As mentioned, the midfield would have to step up in defence too. Their support both centrally and out wide would be much needed, especially with Germany’s tendency to attack with width. That’s why using the full-backs responsibly would also be very important since the opposition won’t hesitate to exploit the spaces created by their attacking movement. England’s full-backs will need to increase their defensive awareness but also receive the midfielders’ support both with covering depth and for closing out spaces on the flanks.
While the central pair would be very important too, the wide players would have the biggest responsibility considering Die Mannschaft’s pacey attackers and their reliance on crossing. They should not underestimate Robin Gosens, not only because of his support from out wide but also because of his late runs to the box. This means that even if they do manage to hold them off from open play, they need to have increased awareness when defending set-plays. Germany frequently use a switch of play too, which makes covering Gosens tightly extremely important too.
Forcing Germany into attacking through the central areas could decrease their efficiency in front of the goal, but despite that, they should not be underestimated in the presence of Bayern Munich‘s Serge Gnabry who is known for his control. He could easily dribble past defenders or receive long balls and convert them into chances thanks to his ability to hold on to the ball. Neutralising him would secure Jordan Pickford’s goal better.
How they could use England’s defensive confidence against them
As mentioned, England are the only team that are yet to concede a goal in Euro 2020. This is of course mostly a result of their defensive discipline but it’s also a result of their opponents’ attacking inefficiency. They haven’t been tested really, with Scotland troubling their defence the most, although only two of their 10 shots were on target.
The Three Lions haven’t played against a distinguished attack-minded team yet in the competition and Germany’s press might catch them unprepared.
Die Mannschaft are a team that press high and always look to gain back possession as soon as possible. They are always on the front foot and look to recover the ball in the advanced areas, which allows them to catch the opposition off guard and create more chances. Forcing the opposition into individual mistakes and taking advantage of them is crucial for both their successful defensive and attacking actions.
With an average PPDA of 8.97 in the tournament, which went down to 5.36 against Hungary, it is clear that they will look to control the game with a high press intensity. This will put England’s defence to the test.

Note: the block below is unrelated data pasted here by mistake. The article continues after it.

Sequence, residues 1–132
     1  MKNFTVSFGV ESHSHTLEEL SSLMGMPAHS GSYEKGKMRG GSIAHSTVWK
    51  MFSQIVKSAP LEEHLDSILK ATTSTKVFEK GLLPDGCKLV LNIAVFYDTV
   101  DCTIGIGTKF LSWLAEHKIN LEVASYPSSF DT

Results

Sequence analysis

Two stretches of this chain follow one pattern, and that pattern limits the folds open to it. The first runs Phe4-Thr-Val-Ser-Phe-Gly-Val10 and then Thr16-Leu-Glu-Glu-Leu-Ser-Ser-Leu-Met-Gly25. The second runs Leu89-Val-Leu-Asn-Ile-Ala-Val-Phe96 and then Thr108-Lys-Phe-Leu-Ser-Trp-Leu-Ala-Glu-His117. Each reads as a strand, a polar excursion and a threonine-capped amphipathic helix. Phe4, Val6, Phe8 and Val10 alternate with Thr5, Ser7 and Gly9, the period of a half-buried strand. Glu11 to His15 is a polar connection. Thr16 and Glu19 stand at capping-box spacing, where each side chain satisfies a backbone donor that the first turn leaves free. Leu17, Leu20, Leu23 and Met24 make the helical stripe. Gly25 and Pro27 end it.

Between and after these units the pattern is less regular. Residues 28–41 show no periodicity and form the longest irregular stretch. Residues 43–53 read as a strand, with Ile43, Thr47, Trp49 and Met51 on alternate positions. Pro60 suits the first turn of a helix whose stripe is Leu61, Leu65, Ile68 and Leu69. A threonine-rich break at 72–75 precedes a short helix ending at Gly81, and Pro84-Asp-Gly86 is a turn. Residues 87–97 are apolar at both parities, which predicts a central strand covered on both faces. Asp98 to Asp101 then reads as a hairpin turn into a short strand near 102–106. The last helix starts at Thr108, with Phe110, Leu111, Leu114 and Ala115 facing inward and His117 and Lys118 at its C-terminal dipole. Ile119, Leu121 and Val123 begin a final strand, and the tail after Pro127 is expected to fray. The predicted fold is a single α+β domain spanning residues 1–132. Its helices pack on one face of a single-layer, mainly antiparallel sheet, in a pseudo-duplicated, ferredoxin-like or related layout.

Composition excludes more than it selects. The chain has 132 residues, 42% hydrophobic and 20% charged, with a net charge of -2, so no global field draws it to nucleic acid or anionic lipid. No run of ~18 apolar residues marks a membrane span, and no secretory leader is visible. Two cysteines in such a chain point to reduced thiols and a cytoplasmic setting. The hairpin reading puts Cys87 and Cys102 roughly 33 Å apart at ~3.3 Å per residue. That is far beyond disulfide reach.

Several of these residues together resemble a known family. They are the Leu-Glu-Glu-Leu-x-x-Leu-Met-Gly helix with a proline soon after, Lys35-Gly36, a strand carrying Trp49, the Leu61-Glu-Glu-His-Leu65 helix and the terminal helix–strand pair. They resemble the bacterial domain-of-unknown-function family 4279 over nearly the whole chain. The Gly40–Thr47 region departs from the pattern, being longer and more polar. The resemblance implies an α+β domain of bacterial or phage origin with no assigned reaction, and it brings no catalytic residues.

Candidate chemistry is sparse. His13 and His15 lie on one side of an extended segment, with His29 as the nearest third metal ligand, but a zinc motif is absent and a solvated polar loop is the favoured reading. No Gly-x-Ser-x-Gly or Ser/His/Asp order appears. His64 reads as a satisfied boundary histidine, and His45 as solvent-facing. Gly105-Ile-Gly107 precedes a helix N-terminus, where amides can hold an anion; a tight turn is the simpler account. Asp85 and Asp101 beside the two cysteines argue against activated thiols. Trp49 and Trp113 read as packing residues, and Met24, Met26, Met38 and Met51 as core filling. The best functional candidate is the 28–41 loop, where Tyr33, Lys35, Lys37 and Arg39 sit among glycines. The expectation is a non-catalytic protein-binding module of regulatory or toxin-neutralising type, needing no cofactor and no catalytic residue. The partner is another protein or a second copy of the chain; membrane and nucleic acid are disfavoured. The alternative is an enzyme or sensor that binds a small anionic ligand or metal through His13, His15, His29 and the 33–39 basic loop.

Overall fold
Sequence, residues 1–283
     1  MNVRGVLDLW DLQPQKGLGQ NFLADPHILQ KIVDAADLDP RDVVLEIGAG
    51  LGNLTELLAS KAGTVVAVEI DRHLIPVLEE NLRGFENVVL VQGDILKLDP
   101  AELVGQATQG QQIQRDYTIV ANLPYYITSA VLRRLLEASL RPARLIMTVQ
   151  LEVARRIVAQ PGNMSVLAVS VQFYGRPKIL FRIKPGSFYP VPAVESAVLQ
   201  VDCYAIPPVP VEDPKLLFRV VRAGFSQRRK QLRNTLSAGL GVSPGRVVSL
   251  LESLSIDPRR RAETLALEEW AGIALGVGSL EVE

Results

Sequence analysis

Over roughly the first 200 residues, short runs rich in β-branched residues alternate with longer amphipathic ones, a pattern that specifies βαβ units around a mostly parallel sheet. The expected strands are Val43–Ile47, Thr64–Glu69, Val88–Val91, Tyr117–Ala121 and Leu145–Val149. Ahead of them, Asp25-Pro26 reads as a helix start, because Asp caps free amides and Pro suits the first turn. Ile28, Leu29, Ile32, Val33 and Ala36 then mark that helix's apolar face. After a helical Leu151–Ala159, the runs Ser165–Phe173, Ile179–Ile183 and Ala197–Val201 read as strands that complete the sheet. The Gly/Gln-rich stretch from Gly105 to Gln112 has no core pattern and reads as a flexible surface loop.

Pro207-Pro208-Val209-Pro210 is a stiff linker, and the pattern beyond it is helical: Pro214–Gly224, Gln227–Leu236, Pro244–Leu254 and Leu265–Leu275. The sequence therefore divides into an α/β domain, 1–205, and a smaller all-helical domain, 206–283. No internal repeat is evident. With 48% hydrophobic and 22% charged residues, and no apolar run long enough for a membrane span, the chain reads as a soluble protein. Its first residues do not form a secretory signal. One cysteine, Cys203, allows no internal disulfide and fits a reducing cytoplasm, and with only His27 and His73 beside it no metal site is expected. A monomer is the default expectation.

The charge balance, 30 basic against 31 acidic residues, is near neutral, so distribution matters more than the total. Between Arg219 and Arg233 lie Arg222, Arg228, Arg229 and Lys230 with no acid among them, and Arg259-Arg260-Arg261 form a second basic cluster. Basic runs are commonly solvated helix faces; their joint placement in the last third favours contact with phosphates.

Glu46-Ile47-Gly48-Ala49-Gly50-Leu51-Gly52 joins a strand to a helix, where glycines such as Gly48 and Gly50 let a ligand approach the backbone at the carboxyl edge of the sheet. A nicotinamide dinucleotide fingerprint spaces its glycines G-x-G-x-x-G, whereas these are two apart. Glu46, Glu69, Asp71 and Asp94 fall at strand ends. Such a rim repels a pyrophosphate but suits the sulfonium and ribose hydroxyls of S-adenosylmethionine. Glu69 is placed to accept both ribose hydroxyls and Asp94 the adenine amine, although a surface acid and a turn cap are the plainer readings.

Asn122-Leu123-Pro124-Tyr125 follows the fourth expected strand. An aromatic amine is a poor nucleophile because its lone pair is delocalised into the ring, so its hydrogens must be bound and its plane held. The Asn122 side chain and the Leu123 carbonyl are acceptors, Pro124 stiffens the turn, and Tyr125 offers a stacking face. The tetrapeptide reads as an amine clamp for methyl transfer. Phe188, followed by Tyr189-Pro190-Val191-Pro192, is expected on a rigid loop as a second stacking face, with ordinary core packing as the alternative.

Pressing high and trying to recover the ball and also trying to anticipate their opponents’ actions could be crucial for the team. This strategy could be successful against the Three Lions’ centre pair (eventually Maguire-Stones) who are the main England man for retaining possession and building up from the back. As ball-playing defenders who are crucial for the ball distribution to the advanced areas, pressing them intensely could be the winning ticket for Germany. That will help them defensively in terms of troubling England’s build-up and blocking the passing lanes, but also in attack, by forcing them into mistakes and recovering the ball.
This strategy could be successful against the midfielders too, as England’s coverage of the central areas isn’t very solid. Phillips is the player with the most lost defensive duels in the previous three games, making him an easy target for Joachim Löw’s team.
Another option, of course, is sticking to attacking through the wide areas and exploiting the spaces behind the full-backs. Germany need to assess the situation and if England do involve their full-backs up high in the attacking actions, Löw’s side need to take advantage of their movement.
Both teams have their vulnerabilities and it will be a matter of increased awareness and quick adjustment for them to take advantage of each others’ mistakes. While England have been defensively solid, they will definitely struggle against Germany’s experienced defence. On the other side, Die Mannschaft should not underestimate England’s talent in attack and provide better coverage during transitions, otherwise, they will suffer again defensively.